Question marks over care home dehydration tests

Question marks over care home dehydration tests
iStock: Jevtic

Researchers have found that standard tests used to identify dehydration are not working for older people living in care homes.

Carers often look at a resident’s eyes and skin, or ask if he or she feels thirsty, tired or has a headache to see if the person is dehydrated.

However, according to research from the University of East Anglia the tests do not accurately identify dehydration, when compared against ‘gold standard’ blood tests.

The research team studied 188 men and women living in care homes in Norfolk and Suffolk.

Standard dehydration tests, such as looking in their mouth, having blood pressure, pulse and temperature measured, and answering questions about how they were feeling, including whether they felt thirsty or not, were carried out.

They were also given a blood test for serum osmolality, which measures low-intake dehydration.

Lead researcher Dr Lee Hooper, of the university’s Norwich Medical School, said: ‘[Standard] tests have long been described as standard clinical indicators of dehydration and their use is advocated in nursing and medical text books, care guidelines and many health-related websites.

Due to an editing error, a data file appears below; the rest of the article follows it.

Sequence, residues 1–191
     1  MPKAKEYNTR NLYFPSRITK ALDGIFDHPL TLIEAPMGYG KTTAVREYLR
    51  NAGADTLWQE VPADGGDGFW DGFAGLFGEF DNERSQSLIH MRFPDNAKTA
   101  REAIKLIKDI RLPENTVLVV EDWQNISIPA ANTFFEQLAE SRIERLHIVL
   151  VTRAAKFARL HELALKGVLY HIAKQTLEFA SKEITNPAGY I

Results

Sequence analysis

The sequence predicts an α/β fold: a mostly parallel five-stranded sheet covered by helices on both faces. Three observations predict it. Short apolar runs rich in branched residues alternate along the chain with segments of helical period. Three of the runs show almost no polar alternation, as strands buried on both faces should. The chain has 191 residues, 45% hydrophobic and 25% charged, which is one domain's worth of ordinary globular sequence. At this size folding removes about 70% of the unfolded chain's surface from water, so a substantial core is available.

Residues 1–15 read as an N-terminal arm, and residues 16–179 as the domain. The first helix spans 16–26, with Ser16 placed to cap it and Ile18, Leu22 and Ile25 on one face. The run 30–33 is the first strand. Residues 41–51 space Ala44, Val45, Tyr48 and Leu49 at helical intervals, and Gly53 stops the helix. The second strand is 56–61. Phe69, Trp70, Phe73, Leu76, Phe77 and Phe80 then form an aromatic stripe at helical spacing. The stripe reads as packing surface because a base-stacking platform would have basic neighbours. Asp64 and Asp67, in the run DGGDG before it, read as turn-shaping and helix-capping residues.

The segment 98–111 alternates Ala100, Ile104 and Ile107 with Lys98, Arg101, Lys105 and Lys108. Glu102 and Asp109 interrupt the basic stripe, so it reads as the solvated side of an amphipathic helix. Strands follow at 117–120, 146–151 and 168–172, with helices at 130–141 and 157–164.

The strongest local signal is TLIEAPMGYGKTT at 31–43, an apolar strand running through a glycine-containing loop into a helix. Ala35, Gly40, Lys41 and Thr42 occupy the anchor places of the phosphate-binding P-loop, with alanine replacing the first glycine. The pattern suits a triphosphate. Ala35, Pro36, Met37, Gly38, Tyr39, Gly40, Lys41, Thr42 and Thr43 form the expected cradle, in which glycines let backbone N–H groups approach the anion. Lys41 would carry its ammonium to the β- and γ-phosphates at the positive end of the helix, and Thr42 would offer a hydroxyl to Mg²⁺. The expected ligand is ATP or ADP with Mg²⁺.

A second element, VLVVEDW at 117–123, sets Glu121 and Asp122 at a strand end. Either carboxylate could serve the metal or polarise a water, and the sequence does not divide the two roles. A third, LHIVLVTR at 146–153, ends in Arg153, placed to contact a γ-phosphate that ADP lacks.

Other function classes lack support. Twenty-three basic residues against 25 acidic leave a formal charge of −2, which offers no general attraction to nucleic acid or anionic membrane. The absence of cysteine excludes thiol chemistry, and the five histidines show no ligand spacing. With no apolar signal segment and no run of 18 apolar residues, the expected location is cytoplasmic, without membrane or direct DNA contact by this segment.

‘But we wanted to know if these tests work in older people living in care homes, how accurate they are, and whether they really tell us if someone is dehydrated. This is important to know because using a test which doesn’t work is telling us the wrong thing and health professionals might provide the wrong care as a result.’

The research team found that all the simple tests did not accurately identify people with dehydration, and recommended they be withdrawn from practice.

Lead author of the study, Dr Diane Bunn, from the university’s School of Health Sciences, said: ‘Whilst blood tests are the most accurate way of telling if someone is dehydrated, this is expensive and not easily done in care homes unless a doctor orders the test. We really need an inexpensive easy-to-do test for dehydration in older people, and one which works.’

The research has been published in the Journal of the American Medical Directors Association (JAMDA).

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Deven Pamben has more than 15 years’ experience as a journalist, working on newspapers, trade magazines and online publications. A Criminology graduate, Deven worked for Hertfordshire Constabulary before becoming a journalist. He began his journalism career at a local newspaper in Hertfordshire before moving into trade magazines in permanent roles or as a freelancer. Titles he has reported and edited on include Law Society Gazette, Harpers Wine and Spirit, and Health Club Management. Deven has also written travel features for the Sunday People, and spent two years working in Beijing for the official press agency of the People’s Republic of China.